Tuesday, January 14, 2020

Uniform Law Conference of Canada Consultation on Crowdfunding

The Uniform Law Conference of Canada (ULCC) has published a consultation document on what it is proposing as a Uniform Informal Public Appeals and Crowdfunding Act:
"The proposed uniform Act is a revised version of the Uniform Informal Public Appeals Act which was issued by the Conference in 2011. The recent growth of public appeals conducted through the internet, popularly known as 'crowdfunding' has prompted the Conference to revisit this topic (...)"

"These informal public appeals were the subject of a project launched in 2009 by the Civil Section of the Uniform Law Conference of Canada. The Conference [hereafter ULCC] has operated continuously since its formation in 1918. Its Civil Section brings together government policy lawyers and analysts, lawyers in private practice, law teachers and representatives of Canada’s law reform bodies, all of whom serve on a volunteer basis. They consider areas in which provincial and territorial laws would benefit from harmonization . The main work of the Section is reflected in “uniform statutes”, which the Section develops and recommends for enactment by all relevant governments in Canada (...)"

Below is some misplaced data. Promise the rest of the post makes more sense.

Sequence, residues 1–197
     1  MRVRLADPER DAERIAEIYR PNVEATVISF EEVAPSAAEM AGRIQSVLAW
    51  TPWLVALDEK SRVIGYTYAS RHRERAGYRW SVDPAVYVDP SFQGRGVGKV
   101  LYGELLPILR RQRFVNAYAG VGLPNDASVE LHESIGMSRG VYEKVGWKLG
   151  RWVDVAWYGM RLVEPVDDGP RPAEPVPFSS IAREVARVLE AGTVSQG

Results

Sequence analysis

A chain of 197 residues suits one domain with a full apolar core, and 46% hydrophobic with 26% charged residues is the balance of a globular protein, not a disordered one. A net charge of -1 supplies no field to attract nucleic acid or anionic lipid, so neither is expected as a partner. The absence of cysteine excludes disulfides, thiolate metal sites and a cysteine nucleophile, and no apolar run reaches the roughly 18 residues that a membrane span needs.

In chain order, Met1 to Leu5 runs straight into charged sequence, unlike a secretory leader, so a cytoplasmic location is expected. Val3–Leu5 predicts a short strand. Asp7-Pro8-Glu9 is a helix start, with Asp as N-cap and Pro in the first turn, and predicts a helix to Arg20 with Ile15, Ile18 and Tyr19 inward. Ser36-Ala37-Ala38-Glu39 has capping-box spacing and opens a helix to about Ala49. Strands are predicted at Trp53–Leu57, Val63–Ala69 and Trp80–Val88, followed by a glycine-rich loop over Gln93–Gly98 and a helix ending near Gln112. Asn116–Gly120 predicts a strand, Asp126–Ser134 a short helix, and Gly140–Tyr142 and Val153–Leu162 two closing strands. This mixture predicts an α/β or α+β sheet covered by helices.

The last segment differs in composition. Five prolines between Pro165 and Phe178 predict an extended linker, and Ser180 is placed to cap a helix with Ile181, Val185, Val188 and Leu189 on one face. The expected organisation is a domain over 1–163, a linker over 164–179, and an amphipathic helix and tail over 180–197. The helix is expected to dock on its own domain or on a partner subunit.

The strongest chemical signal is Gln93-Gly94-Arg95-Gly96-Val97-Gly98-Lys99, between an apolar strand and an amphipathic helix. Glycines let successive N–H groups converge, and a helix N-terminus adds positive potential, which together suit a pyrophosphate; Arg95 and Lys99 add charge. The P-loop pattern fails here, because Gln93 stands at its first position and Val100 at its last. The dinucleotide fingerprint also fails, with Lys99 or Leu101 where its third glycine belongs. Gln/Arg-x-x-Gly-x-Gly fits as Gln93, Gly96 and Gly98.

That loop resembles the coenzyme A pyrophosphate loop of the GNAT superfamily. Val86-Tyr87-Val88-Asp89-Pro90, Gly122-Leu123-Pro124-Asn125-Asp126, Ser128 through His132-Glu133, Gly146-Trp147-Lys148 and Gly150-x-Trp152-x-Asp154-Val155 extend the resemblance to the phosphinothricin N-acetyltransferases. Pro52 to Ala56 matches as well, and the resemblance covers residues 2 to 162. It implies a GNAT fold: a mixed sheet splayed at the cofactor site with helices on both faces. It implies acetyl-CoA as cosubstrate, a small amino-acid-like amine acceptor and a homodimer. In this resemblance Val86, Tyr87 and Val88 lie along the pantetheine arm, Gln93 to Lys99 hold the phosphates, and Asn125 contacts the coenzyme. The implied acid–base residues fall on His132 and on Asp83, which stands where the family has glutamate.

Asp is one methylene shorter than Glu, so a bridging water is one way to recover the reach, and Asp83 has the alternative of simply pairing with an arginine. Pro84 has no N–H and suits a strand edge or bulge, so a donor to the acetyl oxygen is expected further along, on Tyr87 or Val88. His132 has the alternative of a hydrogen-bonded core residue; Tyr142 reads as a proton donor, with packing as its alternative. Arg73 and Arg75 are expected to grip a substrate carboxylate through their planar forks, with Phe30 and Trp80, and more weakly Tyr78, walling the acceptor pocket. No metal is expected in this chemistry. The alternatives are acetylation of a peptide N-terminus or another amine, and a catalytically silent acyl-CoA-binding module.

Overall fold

"The response of the ULCC was, in 2011, to develop and promulgate the Uniform Informal Public Appeals Act [UIPAA] ..."

"Saskatchewan was the first jurisdiction to implement the Uniform Act and, as it turns out, its IPAA was in place where and when it was most needed. The disastrous highway accident involving a bus carrying the Humboldt Broncos junior hockey team resulted in significant loss of life and injuries. An appeal, with extremely general objects, carried out through an internet platform (GoFundMe), raised approximately $15 million and how it should be distributed constituted a major test of Saskatchewan’s IPAA. Fortunately, the provisions of the Act gave the organizers and the court all the tools they needed to craft a distribution scheme that commanded almost unanimous support of the victims and their families. The existence of the Act averted what had the potential to be an extremely divisive issue within the community."

"Although the Act in its present form proved its worth in the Humboldt case, it cannot be safely assumed that its application will be equally straightforward in other cases involving appeals conducted using an internet platform. "

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posted by Michel-Adrien at 6:22 pm

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